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Etheridge.

 In his tiger-tooth necklace, his striped shirt, and black-rimmed
glasses, he sits in the judge's chair. He tells us how he died
 in Korea from a shrapnel wound and was resurrected by dope, how he died
again in prison and was brought back to life
by the poem. He tells us how the faces of his family helped him see
through stone, how, even though the voice may be strident
or angry, the poem comes from love. He tells us about feeling fucked up.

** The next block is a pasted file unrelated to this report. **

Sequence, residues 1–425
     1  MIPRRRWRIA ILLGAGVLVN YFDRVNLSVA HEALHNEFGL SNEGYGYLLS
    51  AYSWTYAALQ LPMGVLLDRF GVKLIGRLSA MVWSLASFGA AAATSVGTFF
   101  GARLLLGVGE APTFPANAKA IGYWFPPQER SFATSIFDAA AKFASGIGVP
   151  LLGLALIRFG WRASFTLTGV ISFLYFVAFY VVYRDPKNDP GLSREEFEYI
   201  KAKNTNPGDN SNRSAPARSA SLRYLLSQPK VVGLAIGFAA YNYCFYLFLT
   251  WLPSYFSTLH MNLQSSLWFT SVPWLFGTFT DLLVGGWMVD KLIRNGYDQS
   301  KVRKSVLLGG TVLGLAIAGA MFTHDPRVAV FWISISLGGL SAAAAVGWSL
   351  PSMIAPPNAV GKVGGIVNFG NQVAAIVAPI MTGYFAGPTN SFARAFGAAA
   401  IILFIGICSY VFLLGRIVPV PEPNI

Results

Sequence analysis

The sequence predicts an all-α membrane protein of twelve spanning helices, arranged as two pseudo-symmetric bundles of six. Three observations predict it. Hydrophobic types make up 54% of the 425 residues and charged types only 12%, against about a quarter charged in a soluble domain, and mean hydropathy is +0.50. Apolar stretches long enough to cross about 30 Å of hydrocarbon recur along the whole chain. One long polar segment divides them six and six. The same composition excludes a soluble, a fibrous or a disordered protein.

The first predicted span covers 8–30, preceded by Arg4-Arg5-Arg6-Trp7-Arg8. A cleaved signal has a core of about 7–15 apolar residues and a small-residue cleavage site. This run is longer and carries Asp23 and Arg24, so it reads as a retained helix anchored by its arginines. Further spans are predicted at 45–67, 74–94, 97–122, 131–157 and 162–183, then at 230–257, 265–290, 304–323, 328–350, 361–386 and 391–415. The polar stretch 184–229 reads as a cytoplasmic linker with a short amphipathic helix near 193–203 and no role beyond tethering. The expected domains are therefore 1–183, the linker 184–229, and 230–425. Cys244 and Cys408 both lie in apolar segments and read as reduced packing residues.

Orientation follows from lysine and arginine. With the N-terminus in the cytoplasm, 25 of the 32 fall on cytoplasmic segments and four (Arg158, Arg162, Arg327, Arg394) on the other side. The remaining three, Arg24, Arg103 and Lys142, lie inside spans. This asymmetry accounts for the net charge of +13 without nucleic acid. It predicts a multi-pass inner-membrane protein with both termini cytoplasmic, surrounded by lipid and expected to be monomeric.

He laughs. He makes the sound
of the drum, kah doom/kah doom-doom kah doom/kah doom-doom-doom ... He
sings Willow, Weepfor Me
, for us.
He throws his head back, closes his eyes and sings. When he bends down
into a poem
in this courtroom where the murder trial has been postponed, he closes
his eyes and we can hear frogs and crickets
along a Mississippi roadside and look up through the dark at stars
blinking in hell. 
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Author:Pape, Greg
Publication:Northwest Review
Article Type:Poem
Date:Nov 1, 2009
Words:193
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